Scientists at the Michigan State University, United States say that the cholesterol crystals in the arteries and in the heart are a sure sign of an imminent heart attack or stroke. The danger signals sent by the cells affected by the cholesterol crystals cause inflammation and hardening of the walls of the arteries. These cholesterol crystals are formed by calcium, fat and other substances, begins during the early stages of the development of the heart diseases.
Scientists found the hardened cholesterol crystals in the arteries (and even in the heart) of over 89 percent of the emergency department patients. They can break the plaque formed in the arteries and reaches the heart. Scientists say that the size of the cholesterol increases when it converts into a solid (crystal) form from a liquid form (similar to increase in the volume in the formation of the ice from the water). The cholesterol crystals formed in the bloodstream can tear and damage the artery wall. Disruption of plaque can lead to the formation of clots causing a heart attack. Apart from causing physical damage to the artery walls, these cholesterol crystals can activate a biomarker called NLRP3 and produce Interleukin-1 (IL-1). Interleukin-1 causes inflammation and worsens the condition of the coronary arteries.
Scientists say the damage to the heart can be reduced by treating and dissolving the cholesterol crystals in the arteries and in the heart by developing new treatments. The cholesterol levels in the body can be reduced with foods such as chia seeds, wheat bran, fenugreek seeds, oats and walnuts. An earlier study shows a regular physical exercise, proper treatment and a healthy diet can lower the risk of the formation of cholesterol crystals in the arteries.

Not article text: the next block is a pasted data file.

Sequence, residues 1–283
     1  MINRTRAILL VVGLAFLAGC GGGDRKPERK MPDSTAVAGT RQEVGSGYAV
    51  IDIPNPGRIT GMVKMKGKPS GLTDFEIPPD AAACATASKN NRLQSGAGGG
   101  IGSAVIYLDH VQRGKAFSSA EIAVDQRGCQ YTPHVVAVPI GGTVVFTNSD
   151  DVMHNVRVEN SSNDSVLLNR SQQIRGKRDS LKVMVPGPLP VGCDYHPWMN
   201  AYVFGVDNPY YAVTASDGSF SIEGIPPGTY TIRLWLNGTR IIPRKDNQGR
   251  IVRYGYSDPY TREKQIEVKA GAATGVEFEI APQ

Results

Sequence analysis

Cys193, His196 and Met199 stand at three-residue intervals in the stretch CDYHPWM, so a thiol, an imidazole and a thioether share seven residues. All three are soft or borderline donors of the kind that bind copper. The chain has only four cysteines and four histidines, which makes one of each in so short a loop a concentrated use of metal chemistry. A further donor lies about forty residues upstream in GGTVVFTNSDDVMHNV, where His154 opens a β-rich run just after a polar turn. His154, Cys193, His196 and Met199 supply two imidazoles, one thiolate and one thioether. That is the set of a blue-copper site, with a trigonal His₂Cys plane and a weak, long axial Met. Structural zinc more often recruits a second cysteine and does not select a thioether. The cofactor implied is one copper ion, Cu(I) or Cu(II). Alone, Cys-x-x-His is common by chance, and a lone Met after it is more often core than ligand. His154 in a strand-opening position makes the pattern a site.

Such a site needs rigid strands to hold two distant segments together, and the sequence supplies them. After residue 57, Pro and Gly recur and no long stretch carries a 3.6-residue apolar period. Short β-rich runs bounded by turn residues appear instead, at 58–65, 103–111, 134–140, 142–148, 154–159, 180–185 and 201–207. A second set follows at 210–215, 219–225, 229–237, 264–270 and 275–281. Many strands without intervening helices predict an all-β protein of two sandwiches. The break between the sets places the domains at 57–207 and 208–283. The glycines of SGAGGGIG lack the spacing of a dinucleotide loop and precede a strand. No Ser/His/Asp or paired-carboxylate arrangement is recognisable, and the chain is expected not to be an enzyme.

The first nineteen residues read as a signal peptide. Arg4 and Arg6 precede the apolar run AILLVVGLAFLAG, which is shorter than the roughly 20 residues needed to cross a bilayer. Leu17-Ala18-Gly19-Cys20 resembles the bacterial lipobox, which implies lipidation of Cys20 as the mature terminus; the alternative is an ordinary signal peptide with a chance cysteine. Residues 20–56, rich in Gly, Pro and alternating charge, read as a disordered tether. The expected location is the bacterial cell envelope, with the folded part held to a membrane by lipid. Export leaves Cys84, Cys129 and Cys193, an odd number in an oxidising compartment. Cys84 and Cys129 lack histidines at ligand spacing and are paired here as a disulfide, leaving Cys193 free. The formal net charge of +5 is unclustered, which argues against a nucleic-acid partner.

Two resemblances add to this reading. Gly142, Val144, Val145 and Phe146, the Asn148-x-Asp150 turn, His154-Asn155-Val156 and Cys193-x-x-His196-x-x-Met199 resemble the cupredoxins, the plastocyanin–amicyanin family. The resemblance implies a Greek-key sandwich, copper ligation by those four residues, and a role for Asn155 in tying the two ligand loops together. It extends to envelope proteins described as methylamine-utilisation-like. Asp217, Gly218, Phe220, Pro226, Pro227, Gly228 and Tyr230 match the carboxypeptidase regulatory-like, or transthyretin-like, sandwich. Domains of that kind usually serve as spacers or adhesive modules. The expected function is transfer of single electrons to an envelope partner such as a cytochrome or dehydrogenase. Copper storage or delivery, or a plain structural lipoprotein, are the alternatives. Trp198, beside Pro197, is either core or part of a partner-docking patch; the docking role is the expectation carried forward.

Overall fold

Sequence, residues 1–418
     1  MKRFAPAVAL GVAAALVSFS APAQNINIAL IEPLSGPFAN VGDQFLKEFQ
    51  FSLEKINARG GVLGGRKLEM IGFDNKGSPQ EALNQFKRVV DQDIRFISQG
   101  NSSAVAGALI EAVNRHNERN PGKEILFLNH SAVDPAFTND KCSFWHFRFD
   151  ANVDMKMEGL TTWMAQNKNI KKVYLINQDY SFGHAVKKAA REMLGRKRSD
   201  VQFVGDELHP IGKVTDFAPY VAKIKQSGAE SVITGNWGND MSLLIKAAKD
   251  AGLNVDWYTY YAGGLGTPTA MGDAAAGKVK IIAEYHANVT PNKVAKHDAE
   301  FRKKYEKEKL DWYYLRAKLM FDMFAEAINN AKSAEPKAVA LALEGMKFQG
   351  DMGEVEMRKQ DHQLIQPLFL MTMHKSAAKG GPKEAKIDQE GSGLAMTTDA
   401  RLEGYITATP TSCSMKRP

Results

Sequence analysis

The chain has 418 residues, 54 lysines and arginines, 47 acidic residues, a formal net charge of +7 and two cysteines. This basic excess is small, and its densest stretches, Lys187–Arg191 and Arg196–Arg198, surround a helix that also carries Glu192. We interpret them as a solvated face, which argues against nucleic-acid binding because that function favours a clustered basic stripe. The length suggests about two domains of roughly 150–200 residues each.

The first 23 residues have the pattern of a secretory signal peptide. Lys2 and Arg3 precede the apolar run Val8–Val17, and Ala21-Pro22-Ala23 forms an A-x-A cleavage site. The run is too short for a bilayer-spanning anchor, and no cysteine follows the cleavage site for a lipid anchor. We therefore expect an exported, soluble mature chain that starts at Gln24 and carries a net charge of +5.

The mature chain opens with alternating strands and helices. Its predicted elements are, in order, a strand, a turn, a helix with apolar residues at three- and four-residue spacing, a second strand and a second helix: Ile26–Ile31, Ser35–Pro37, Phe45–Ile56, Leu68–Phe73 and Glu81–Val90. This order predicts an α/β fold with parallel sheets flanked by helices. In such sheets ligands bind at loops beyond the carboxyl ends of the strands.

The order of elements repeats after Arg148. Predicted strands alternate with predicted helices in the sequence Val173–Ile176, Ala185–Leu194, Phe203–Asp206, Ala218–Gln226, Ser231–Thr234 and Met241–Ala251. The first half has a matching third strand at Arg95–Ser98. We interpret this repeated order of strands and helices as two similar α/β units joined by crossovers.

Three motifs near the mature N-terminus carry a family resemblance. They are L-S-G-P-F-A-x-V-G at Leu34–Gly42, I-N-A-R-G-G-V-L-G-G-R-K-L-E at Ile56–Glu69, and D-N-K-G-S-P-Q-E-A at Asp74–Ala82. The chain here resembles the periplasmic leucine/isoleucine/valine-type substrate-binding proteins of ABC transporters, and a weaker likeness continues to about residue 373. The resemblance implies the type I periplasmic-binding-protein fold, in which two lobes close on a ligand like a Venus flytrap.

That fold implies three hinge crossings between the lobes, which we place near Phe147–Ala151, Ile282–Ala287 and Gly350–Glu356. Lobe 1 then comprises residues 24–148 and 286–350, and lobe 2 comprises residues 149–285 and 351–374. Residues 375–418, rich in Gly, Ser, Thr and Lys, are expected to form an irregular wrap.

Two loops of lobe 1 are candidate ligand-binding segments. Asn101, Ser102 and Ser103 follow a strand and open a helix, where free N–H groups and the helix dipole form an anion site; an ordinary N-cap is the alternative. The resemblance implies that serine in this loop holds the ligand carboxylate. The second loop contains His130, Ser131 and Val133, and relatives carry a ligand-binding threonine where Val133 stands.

The leader of the study was Dr. George S. Abela, MD, MS, a professor of Medicine, Michigan State University. The study was published on November 15, 2017, in the American Journal of Cardiology. Title of the article was "Frequency of Cholesterol Crystals in Culprit Coronary Artery Aspirate during Acute Myocardial Infarction and Their Relation to Inflammation and Myocardial Injury."
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The carotid artery disease is a type of cardiovascular disease caused when the carotid artery, which supplies the blood to the brain will be blocked or narrowed due to the plaque formation. Between 20 and 30 percent of the stroke hospitalizations and death falls under the category of the carotid artery disease. The carotid artery disease is a fifth leading cause of death in the United States. The main risk factors associated with the carotid artery disease are.
Generally, carotid artery disease will be discovered when the patient suffers a transient ischemic attack (TIA) or a stroke. The carotid artery blockage or disease can also be detected by observing the neck with a stethoscope. The blockage of an artery and severity can be diagnosed by using the ultrasound, CT angiograms or MRA scan (MR Angiography or Magnetic Resonance Angiogram). The carotid angioplasty, carotid endarterectomy or stenting procedures are used for the carotid artery disease.
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Transient ischemic attack : It is also called as a mini-stroke. The non-functioning of a part of the brain, retinal or spinal cord caused due to the temporary (one minute on average) loss of blood flow but without the death of the tissue (infarction) is called Transient Ischemic Attacks (TIA). Temporary loss of blood is caused due to the arterial plaque formed in the smaller arteries of the brain. The affected individual may experience temporary loss of hearing/smell/blindness, mental confusion, slurred speech (dysarthria) or aphasia (a communication disorder). TIA symptoms will disappear within 24 hours. Transient Ischemic Attacks (TIA) may be single or multiple events and they are the warning signs of a stroke.
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Published by Jammi Vasista, Chennai, India.